Ill Communication - Rolling Stone
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Ill Communication

“Why not a Beastie revolution?” proposed the B side of the Beastie Boys’ first 12 inch back in 1983; 11 years later, it has happened — it’s time to get ill in ’94. Since their comeback in 1992 with Check Your Head, the Beasties — Mike D (Mike Diamond), MCA (Adam Yauch), Adrock (Adam Horovitz) and various cohorts — have bum-rushed nearly every media outlet, starting their own studio, record label, magazine and line of merchandise. Still, the core of the Beasties’ appeal remains their music — as funky as the Ohio Players’, as experimental as Sonic Youth’s.

Ill Communication continues the formula established on Check — home-grown jams powered by live instruments; speedy hardcore rants; and insane rhyme styles buried under the warm hiss of vintage analog studio equipment. (An old-school distrust of the digital age pervades Ill: As Mike D states on “Sure Shot,” “I listen to wax/I’m not using the CD.”) Since the Beasties’ earliest recordings, recently compiled on Some Old Bullshit, their mission remains intact: to explore the unifying threads between hip-hop and punk, taking their basic elements — the scratch of a needle across a vinyl groove, a pounding snare-bass thump, the crunch of a power chord — and slicing them up with a Ginsu knife. The resulting B-boy bouillabaisse blends both genres, living up to Mike D’s boast that he’ll “freak a fucking beat like the shit was in a blender.” Ill maintains the Beasties’ consistency of style, but underneath its goofy, dope-smokin’ antics lies — gasp! — an artistic maturity that reveals how the Boys have grown since they began as pimply New York punks making anarchic noise.

The Beasties’ fourth album lives up to its title — layers of distortion and echo often render the vocals unintelligible, reducing them to yet another rhythmic element. A reggae influence also pops up on Ill, but instead of the stuttering dancehall pulse pervading hip-hop, the Beasties look to the reverb effects of dub innovators like Lee “Scratch” Perry (name-checked in “Sure Shot”) for sonic inspiration. Elsewhere, the Beasties show their roots in “Root Down” — in this case, the strutting bass undertow, organ fills and wah-wah, chicken-scratch guitar of ’70s blaxploitation-era funk. Throughout, the Beasties demonstrate their musical diversity, ranging from the Gang Starr-style minimalist piano loop of “Get It Together” (featuring a virtuoso freestyle cameo by Q-Tip from A Tribe Called Quest) to “Sabotage,” a bass-driven metallic rapfest. Only on the hardcore punk of “Tough Guy” and “Heart Attack Man” do the Beasties falter. While these tracks have visceral power, they ultimately show the Beasties to be punk classicists, unable to transcend the now reactionary sounding influences of ’80s thrash pioneers like Black Flag, Minor Threat and the Germs. Indeed, if the Beasties gave their hardcore the same sonic complexity they give their funk, they would prove truly dangerous.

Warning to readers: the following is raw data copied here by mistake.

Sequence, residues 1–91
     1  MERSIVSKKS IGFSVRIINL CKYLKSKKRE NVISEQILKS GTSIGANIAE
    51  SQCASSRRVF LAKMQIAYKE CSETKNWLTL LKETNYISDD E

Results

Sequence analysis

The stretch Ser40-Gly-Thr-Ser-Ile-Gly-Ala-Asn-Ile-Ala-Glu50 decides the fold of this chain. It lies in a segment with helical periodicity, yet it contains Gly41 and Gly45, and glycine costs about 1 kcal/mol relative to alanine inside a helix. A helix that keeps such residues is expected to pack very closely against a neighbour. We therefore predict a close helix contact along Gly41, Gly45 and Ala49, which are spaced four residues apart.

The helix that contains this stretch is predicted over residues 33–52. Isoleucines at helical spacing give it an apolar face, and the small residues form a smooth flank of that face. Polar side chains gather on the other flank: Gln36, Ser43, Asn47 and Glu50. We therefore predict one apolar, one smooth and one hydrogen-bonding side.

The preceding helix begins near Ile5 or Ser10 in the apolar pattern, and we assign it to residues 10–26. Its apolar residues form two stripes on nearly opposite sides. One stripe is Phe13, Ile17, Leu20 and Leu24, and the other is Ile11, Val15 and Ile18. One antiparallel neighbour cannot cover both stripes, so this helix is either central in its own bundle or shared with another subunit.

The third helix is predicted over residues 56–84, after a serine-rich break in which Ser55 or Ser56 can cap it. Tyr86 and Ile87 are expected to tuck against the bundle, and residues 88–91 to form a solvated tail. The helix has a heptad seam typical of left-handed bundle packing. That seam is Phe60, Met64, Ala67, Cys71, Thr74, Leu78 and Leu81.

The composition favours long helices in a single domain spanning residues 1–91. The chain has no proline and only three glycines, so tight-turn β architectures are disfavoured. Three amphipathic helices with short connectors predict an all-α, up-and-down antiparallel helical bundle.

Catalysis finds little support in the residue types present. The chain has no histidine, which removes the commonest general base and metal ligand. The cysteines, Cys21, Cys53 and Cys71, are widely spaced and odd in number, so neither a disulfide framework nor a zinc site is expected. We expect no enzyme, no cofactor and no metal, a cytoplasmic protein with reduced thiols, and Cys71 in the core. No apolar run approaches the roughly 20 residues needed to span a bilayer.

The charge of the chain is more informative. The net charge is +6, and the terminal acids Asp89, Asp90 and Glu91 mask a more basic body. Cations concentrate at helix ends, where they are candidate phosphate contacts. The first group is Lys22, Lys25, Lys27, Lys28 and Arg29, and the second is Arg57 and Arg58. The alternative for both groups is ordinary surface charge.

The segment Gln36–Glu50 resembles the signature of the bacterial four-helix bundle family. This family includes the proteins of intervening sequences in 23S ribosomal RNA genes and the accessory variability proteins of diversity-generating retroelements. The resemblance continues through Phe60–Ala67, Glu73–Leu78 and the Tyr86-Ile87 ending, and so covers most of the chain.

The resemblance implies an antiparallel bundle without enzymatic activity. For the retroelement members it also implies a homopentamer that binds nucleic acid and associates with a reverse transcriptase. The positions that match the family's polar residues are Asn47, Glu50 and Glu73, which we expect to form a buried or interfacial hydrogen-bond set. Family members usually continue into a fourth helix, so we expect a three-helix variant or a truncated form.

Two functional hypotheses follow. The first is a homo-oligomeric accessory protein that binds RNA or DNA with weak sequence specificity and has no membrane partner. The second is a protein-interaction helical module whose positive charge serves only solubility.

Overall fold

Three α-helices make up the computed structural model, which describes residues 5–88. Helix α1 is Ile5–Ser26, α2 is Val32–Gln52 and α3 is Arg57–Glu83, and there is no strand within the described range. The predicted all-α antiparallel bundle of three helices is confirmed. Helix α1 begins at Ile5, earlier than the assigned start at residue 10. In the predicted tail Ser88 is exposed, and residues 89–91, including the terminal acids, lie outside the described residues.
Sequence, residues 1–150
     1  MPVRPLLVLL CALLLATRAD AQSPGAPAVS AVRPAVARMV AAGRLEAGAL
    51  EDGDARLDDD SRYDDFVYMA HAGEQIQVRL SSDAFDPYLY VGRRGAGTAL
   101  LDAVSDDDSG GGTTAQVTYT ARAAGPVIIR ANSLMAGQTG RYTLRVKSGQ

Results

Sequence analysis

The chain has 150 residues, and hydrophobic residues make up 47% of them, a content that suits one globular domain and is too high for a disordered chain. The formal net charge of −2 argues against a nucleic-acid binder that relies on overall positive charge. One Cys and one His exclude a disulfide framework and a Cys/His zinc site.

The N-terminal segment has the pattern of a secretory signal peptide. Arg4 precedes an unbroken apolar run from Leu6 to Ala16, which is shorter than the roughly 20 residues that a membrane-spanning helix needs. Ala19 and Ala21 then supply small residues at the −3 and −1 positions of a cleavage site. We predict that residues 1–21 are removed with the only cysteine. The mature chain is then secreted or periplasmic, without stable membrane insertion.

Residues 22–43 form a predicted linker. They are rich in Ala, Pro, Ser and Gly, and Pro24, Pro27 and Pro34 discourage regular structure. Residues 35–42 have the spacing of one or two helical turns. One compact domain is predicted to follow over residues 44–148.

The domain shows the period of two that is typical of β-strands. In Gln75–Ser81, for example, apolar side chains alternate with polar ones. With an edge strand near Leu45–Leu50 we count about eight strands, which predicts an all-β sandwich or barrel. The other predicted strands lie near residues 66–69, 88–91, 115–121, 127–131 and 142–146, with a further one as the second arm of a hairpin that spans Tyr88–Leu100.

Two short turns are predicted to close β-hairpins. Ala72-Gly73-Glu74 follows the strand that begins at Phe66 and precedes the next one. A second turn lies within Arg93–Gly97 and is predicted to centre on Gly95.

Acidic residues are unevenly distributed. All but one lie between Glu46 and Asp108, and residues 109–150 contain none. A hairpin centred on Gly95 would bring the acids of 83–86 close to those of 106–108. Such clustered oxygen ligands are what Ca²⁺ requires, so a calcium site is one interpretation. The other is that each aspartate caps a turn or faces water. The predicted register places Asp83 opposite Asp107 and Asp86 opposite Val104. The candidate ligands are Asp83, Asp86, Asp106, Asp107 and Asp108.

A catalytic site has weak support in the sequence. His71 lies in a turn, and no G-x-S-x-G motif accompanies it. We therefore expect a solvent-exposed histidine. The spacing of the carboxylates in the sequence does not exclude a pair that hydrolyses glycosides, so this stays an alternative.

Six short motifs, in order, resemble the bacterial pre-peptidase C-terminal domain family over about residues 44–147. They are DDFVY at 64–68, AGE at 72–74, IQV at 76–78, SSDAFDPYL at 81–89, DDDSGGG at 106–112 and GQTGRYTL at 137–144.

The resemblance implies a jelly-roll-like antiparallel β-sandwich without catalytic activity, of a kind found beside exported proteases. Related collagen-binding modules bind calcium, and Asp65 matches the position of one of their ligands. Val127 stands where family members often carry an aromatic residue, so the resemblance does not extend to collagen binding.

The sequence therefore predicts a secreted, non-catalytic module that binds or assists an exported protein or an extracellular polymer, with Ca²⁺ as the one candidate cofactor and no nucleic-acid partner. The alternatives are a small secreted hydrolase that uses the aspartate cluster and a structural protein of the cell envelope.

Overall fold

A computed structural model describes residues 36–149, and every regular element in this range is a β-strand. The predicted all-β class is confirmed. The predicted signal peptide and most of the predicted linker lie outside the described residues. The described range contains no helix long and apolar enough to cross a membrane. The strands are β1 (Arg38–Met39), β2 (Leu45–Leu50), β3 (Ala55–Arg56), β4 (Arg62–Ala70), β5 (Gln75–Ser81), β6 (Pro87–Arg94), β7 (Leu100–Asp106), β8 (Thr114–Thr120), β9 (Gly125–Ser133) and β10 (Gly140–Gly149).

The Beasties’ funk emanates from the flow of their call-and-response rhymes, from the play of MCA’s rasp against Adrock’s freaky nasal cadence. Unafraid of the ridiculous, the Beasties remain masters of the absurdist rap lyric, such as when Adrock comes “steppin’ to the party in the Fila fresh/People lookin’ at me like I was David Koresh — yeah!” (“The Scoop”). The Beasties detail their expected obsessions with basketball (“Tough Guy”), golf (Mike D’s “wearing funky fly golf gear from head to toe”) and smoking pot (“Legalize the weed, and I’ll say, ‘Thank heavens,’ ” proclaims Adrock on “Freak Freak”).

Ill also conveys the Beasties’ more serious side as they pay homage to hip-hop’s New York roots. Constantly hyping that “motherfuckin’ old-school flavor,” they drop references like Busy Bee and the Zulu Beat show, romanticizing New York as a mythic rap Mecca. Despite their current status as residents of Los Angeles, MCA states in “The Scoop” that “New York City is the place that I feel at home in,” while Adrock claims in “Do It” that he “got the beats in Manhattan/You can hear the texture.” Even more surprising is MCA’s growing role as the Beasties’ social conscience: On “Sure Shot,” he states that “disrespecting women has got to reduce” and details his interest in Buddhism on “Bodhisattva Vow” and “The Update.”

Amazingly, the early-’80s material compiled on Bullshit prefigures nearly every musical development on Ill, moving from the blaring hardcore of “Transit Cop” to “Jimi,” an anti-drug song (!) whose narrator moans, “Let’s, like, get my bong and do up some heavy weed” over midtempo funky drums and psychedelic guitar. “Cooky Puss,” the Beasties’ first hip-hop release, sounds remarkably contemporary — its references to women as “bitches” predate gangsta rap, and it was a successful phoneprank record long before the Jerky Boys.

Bullshit ultimately demonstrates the nascent Beastie philosophy, which Adrock articulates for ’94 on “Alright Hear This”: “I brought a microphone/And I pick it up/And then I fuck it up/And then I turn it up … with the mighty rockin’ sound/And you know my culture — I came to get down.”

In This Article: Beastie Boys


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